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Cortex. 2009 Jul-Aug;45(7):891-9. doi: 10.1016/j.cortex.2008.11.009. Epub 2008 Nov 21.

Sex differences in left-right confusion depend on hemispheric asymmetry.

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  • 1Department of Psychology, University of Durham, Durham, UK.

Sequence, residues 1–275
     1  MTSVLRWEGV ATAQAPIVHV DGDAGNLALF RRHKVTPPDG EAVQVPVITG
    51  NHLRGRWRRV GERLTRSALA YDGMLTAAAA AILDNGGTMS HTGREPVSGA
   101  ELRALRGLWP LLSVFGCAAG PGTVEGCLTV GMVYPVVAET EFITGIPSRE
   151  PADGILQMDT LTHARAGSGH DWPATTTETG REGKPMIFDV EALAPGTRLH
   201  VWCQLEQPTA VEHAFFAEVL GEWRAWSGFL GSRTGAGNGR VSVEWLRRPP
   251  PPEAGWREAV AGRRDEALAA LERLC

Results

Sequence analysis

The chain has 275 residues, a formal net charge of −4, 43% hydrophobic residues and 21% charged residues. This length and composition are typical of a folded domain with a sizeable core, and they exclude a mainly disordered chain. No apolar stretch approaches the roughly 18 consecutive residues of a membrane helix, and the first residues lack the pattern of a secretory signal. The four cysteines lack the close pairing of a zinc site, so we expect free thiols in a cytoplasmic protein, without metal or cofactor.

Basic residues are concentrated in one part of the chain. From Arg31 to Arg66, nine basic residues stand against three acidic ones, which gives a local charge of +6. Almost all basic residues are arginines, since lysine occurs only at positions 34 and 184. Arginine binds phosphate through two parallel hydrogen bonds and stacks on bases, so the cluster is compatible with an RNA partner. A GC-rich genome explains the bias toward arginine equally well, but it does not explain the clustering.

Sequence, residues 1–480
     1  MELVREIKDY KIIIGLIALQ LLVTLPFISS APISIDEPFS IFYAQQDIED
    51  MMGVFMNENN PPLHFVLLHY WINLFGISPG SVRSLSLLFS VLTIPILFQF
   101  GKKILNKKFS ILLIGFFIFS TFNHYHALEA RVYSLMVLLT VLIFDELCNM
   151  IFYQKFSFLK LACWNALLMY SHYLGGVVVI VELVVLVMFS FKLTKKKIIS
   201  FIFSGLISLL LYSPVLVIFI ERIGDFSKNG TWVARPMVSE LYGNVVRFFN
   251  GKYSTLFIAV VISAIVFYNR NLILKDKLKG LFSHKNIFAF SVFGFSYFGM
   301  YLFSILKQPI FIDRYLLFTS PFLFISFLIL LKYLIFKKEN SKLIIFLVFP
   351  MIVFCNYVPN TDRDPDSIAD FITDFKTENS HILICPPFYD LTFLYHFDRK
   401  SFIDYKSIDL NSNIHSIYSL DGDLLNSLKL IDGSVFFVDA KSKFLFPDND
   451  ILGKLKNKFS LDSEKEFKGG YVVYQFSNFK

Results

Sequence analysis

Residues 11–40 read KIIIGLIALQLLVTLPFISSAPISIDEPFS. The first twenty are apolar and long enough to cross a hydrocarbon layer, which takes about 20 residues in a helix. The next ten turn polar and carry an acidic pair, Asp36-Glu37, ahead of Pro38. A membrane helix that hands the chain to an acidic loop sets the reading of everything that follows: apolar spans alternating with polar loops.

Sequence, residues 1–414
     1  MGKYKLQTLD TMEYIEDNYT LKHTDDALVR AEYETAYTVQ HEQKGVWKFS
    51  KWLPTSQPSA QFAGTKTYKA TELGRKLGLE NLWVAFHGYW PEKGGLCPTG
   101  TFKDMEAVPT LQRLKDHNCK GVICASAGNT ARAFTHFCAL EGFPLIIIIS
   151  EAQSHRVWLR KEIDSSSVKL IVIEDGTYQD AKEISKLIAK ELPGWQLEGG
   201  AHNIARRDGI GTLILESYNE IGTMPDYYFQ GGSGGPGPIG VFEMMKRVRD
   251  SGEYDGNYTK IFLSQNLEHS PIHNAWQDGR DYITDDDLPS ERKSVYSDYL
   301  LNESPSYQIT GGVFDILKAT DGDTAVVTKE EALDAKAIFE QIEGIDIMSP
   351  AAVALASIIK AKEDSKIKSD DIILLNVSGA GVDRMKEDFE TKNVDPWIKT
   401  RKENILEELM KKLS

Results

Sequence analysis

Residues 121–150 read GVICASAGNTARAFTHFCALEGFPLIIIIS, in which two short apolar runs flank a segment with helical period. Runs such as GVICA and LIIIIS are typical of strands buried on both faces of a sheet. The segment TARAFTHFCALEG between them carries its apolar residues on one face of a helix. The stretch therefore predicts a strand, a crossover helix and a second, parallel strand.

Numerous studies have reported that women believe they are more susceptible to left-right confusion than men. Indeed, some studies have also found sex differences in behavioural tasks. It has been suggested that women have more difficulties with left-right discrimination, because they are less lateralised than men and a lower degree of lateralisation might lead to more left-right confusion (LRC). However, those studies reporting more left-right confusion for women have been criticised because the tasks that have been used involved mental rotation, a spatial ability in which men typically excel. In the present study, 34 right-handed women and 31 right-handed men completed two behavioural left-right discrimination tasks, in which mental rotation was either experimentally controlled for or was not needed. To measure the degree of hemispheric asymmetry participants also completed a dichotic listening test. Although women were not less lateralised than men, both tasks consistently revealed that women were more susceptible to left-right confusion than men. However, only women with a significant right ear advantage in the dichotic listening test had more difficulties in LRC tasks than men. There was no sex difference in less lateralised participants. This finding suggests that the impact of functional verbal asymmetries on LRC is mediated by sex.

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